1959 IMO Problems/Problem 2


For what real values of $x$ is

$\sqrt{x+\sqrt{2x-1}} + \sqrt{x-\sqrt{2x-1}} = A,$

given (a) $A=\sqrt{2}$, (b) $A=1$, (c) $A=2$, where only non-negative real numbers are admitted for square roots?

Solution 1

The square roots imply that $x\ge \frac{1}{2}$.

Square both sides of the given equation: \[A^2 = \Big( x + \sqrt{2x - 1}\Big) + 2 \sqrt{x + \sqrt{2x - 1}}  \sqrt{x - \sqrt{2x - 1}} +  \Big( x - \sqrt{2x - 1}\Big)\]

Add the first and the last terms to get: \[A^2 = 2x + 2 \sqrt{x + \sqrt{2x - 1}}  \sqrt{x - \sqrt{2x - 1}}\]

Multiply the middle terms, and use $(a + b)(a - b) = a^2 - b^2$ to get: \[A^2 = 2x + 2 \sqrt{x^2 - 2x + 1}\]

Since the term inside the square root is a perfect square, and by factoring 2 out, we get \[A^2 = 2(x + \sqrt{(x-1)^2})\] Use the property that $\sqrt{x^2}=|x|$ to get \[A^2 = 2(x+|x-1|)\]

Case I: If $x \le 1$, then $|x-1| = 1 - x$, and the equation reduces to $A^2 = 2$. This is precisely part (a) of the question, for which the valid interval is now $x \in \left[ \frac{1}{2}, 1 \right]$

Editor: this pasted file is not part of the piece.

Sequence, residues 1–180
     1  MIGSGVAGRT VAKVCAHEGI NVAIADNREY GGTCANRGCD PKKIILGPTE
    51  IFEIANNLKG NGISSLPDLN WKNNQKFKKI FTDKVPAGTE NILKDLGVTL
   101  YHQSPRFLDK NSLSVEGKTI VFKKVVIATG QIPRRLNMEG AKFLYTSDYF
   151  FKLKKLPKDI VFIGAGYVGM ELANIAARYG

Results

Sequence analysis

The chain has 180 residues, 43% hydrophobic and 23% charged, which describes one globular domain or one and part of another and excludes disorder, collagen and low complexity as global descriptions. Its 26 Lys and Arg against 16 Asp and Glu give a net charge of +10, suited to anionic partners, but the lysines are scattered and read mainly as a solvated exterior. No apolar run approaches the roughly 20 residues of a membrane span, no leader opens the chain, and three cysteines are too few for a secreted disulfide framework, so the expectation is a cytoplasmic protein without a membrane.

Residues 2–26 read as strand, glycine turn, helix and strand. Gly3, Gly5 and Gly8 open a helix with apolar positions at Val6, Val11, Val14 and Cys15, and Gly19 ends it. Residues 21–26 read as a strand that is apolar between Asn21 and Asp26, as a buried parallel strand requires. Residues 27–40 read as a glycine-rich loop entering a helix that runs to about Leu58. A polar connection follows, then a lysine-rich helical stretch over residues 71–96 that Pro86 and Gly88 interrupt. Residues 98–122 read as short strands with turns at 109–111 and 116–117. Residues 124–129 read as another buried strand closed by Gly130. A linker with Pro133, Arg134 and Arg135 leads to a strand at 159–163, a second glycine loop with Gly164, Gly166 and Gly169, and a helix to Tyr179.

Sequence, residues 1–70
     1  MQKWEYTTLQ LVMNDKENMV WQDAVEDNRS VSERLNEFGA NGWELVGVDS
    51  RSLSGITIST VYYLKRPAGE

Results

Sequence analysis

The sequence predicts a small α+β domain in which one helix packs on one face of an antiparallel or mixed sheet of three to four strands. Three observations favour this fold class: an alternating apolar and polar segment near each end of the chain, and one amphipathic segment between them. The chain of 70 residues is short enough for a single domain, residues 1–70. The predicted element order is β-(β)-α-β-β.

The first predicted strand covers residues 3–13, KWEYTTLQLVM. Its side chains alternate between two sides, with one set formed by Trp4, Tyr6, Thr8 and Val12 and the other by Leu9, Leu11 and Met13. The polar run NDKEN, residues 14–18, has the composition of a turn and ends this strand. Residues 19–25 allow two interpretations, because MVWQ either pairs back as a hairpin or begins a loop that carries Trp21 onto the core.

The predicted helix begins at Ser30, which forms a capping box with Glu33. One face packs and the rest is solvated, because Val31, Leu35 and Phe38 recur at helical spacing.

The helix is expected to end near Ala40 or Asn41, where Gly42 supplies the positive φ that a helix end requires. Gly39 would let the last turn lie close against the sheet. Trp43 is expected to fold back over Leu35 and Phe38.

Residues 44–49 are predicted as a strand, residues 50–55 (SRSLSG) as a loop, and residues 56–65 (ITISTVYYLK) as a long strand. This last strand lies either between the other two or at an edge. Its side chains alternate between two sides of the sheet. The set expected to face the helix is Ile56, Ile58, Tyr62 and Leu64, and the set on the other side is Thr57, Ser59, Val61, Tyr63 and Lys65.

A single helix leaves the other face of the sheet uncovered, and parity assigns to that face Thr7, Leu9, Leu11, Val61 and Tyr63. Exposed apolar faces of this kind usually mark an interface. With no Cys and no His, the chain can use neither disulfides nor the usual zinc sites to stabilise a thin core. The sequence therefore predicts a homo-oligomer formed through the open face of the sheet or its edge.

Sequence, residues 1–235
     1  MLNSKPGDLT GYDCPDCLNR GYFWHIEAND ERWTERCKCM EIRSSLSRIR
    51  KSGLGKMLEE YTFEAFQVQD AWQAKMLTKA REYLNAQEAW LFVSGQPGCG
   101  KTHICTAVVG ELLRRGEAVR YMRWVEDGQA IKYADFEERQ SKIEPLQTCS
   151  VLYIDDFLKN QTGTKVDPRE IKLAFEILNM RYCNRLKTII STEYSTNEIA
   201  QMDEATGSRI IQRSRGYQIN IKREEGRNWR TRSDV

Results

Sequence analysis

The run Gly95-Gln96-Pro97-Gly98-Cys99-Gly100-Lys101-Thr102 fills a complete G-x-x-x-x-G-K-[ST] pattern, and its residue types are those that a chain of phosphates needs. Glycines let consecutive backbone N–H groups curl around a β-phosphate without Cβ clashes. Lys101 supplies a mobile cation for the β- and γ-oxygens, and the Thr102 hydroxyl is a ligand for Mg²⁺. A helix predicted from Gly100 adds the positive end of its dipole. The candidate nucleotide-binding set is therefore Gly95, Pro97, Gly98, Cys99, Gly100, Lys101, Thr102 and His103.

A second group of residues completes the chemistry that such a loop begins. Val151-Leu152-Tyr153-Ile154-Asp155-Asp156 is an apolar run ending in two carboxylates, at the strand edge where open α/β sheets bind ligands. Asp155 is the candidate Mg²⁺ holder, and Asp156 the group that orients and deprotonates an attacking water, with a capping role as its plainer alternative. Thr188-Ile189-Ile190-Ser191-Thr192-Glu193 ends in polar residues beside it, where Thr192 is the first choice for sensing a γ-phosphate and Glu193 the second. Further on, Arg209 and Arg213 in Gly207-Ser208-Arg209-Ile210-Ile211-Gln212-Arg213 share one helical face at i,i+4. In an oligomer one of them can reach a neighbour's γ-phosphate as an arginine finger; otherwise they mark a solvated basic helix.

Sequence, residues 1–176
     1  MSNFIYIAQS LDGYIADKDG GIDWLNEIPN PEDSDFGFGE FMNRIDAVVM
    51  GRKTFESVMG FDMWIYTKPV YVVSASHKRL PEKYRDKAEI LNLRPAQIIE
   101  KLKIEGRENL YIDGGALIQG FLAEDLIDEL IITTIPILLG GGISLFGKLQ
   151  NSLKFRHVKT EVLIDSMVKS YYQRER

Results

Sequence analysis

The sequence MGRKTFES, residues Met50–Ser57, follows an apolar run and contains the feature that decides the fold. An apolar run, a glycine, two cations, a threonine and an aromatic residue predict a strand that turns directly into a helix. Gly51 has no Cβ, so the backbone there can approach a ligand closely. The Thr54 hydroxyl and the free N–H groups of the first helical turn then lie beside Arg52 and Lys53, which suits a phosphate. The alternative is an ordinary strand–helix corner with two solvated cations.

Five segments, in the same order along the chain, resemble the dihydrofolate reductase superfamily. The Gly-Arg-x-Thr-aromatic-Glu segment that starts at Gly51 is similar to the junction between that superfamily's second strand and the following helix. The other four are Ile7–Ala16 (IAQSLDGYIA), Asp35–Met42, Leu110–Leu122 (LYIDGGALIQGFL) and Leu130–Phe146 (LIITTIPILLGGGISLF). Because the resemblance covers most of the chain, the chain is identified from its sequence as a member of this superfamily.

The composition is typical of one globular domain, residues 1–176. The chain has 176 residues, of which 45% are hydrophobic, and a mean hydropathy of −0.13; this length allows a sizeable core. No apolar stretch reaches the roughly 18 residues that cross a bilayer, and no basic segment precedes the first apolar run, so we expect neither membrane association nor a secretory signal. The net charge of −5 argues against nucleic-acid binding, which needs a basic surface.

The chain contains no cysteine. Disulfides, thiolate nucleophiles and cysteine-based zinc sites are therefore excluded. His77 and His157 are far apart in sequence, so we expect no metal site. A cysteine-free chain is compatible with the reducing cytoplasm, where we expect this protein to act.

Case II: If $x > 1$, then $|x-1| = x - 1$ and we have \[x = \frac{A^2 + 2}{4} > 1\] which simplifies to \[A^2 > 2\]

This tells there that there is no solution for (b), since we must have $A^2 \ge 2$

For (c), we have $A = 2$, which means that $A^2 = 4$, so the only solution is $x=\frac{3}{2}$.

~flamewavelight (Expanded)

~phoenixfire (edited)

Solution 2

Note that the equation can be rewritten to \[\sqrt{(\sqrt{2x-1}+1)^2} + \sqrt{(\sqrt{2x-1}-1)^2}=A\sqrt{2}\] i.e., $\sqrt{2x-1}+1 + |\sqrt{2x-1}-1|=A\sqrt{2}$.

Case I: when $2x-1\ge 1$ (i.e., $x\ge 1$), the equation becomes $2\sqrt{2x-1}=\sqrt{2}A$. For (a), we have $x=1$; for (b) we have $x=\frac{3}{4}$; for (c) we have $x=\frac{3}{2}$. Since $x\ge 1$, (b) $x=\frac{3}{4}$ is not what we want.

Case II: when $0\le 2x-1 <1$ (i.e., $1/2\le x <1$), the equation becomes $2=\sqrt{2}A$, which only works for (a) $A=\sqrt{2}$.

In summary, any $x \in \left[\frac{1}{2}, 1\right]$ is a solution for (a); there is no solution for (b); there is one solution for (c), which is $x=\frac{3}{2}$.



Alternate solutions are always welcome. If you have a different, elegant solution to this problem, please add it to this page.

See Also

1959 IMO (Problems) • Resources
Preceded by
Problem 1
1 2 3 4 5 6 Followed by
Problem 3
All IMO Problems and Solutions